Op-Ed: Building Common Ground Around Education

Mar 19, 2021 at 11:02 am by WGNS


Op-Ed by JC Bowman, Executive Director of Professional Educators of Tennessee

Tennessee is a destination state for many in America according to domestic migration patterns. In fact, as reported by U-Haul, Tennessee is now the number one state to which Americans are moving. It’s no surprise that Tennessee boasts awesome cities and small towns, along with magnificent countryside. Our citizens are friendly and charming. We have mountains on our east and the Mississippi River on our west. The center of our state is exploding with growth. Tennessee is a destination state, and our best days certainly lie ahead.

Being a mobile nation is both good and bad. Many motivations cause people to relocate, including the cost of living, quality of life, excessive taxes, and poor governance. For example, California has the highest national poverty rate and is home to nearly half of the homeless population in the United States. Both California and New York have population losses that will likely decrease their representation in US Congress. A 2018 Wall Street Journal editorial, So Long, California. Sayonara, New York, expects, “In the years to come, millions of people, thousands of businesses, and tens of billions of dollars of net income will flee high-tax blue states for low-tax red states.” California is experiencing its first-ever population decline. 

It is inevitable that when citizens move into a state, they bring their worldview and politics with them, and subsequently want to turn the state they are moving to much like the one they just left. What is concerning in some states is that this creates polar ideologies in an increasingly divisive and partisan nation. In an ever-polarizing political environment, we witness an overabundance of ineptitude when your chosen political party is not in power. However, we know partisanship should always take a back seat to doing what’s right. 

Education would be a natural issue that should unite well-meaning people on all sides of a political divide. Viable public education is critical for a strong economy. Better schools also are associated with higher property values. Thomas Jefferson said that a well-educated electorate is necessary for democracy. When educated and intelligent citizens make informed decisions about what they want from their government and society, the outcome is far more likely to be positive. Similarly, if a good education system is in place for the next generation of children, the likelihood of societal stability is greatly increased. Education is a wise investment. Likewise, educators are on the frontline of those efforts. Educators are the ones who must enact education policies.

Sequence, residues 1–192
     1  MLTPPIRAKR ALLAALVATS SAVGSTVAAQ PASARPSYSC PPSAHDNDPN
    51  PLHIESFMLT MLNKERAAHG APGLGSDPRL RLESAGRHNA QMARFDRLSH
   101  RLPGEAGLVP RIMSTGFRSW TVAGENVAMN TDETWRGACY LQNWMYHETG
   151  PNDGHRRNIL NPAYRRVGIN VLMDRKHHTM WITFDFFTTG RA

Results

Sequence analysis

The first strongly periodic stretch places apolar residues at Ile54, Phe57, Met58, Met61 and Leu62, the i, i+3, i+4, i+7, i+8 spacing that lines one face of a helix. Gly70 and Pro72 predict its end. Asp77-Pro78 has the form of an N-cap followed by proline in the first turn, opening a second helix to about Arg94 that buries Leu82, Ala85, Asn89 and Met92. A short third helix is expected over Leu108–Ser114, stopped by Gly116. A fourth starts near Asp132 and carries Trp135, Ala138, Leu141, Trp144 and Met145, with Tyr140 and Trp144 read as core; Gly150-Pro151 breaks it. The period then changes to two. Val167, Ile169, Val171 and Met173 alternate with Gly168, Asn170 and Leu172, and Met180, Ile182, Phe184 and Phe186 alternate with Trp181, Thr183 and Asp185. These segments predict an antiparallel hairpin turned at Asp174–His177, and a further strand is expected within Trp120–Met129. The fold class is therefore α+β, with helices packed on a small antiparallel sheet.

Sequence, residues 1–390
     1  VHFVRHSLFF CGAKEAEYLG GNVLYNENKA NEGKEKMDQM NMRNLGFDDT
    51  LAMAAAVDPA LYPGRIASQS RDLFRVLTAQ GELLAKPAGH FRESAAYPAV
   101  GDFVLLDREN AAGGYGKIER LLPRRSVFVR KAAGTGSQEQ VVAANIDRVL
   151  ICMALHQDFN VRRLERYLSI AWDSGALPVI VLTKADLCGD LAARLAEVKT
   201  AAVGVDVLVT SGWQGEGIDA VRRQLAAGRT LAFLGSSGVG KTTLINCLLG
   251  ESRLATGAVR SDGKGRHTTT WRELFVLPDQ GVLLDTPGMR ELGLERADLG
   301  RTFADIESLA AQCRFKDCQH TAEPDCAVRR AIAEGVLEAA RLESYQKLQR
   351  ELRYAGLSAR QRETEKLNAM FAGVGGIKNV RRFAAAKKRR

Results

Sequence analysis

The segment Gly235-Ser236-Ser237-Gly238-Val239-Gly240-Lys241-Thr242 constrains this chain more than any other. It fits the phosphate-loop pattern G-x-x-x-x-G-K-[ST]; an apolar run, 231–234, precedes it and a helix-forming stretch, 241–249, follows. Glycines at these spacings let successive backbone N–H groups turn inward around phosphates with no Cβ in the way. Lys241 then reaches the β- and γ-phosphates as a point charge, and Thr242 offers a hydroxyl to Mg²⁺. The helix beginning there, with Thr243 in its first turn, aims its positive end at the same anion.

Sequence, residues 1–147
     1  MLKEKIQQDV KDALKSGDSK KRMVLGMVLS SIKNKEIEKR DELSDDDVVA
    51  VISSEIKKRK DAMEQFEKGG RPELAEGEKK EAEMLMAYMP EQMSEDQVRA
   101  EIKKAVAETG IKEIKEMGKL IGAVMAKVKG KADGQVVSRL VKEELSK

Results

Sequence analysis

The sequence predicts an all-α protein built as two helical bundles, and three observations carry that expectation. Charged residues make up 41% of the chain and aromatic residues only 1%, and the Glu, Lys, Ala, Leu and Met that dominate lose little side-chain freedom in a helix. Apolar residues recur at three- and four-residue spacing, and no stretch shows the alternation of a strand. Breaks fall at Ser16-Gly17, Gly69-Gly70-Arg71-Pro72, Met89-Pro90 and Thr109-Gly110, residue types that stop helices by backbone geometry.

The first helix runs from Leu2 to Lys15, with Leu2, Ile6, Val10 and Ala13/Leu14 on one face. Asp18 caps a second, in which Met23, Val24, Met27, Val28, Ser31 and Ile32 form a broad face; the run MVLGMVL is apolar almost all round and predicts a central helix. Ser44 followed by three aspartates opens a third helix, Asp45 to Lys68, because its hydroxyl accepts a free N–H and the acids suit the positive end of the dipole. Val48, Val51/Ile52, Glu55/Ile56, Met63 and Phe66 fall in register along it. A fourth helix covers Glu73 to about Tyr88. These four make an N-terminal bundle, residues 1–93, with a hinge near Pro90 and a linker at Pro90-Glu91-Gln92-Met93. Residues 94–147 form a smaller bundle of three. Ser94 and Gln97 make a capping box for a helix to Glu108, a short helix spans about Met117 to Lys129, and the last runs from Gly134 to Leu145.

Columbia political scientist Robert Shapiro's research finds that Democrats’ and Republicans’ opinions on a wide range of education-policy issues have been converging. Shapiro states “survey after survey indicates that Americans from across the political spectrum believe that improving schools should be a national priority.” I would add that it is a state responsibility and along with local influence to create quality public schools. It also means we must hold politicians accountable to make sure that schools work for kids, and that we push issues that are important for educators and public education. 

The single biggest factor in the success of students is the teacher. Educator input is crucial for the continued success of our students. Local districts need to have the freedom to meet the needs of their communities without control by the state or federal education departments. Teachers, administrators, parents, and students should work together to create a positive environment that promotes learning. Each group must interact with that responsibility, and respect for others. That is not a partisan issue. It is something that all citizens, including those new to Tennessee, can embrace. We can make Tennessee the number one state in the nation for many issues, including public education. We are already a destination state. Let’s hope we can find common ground in education.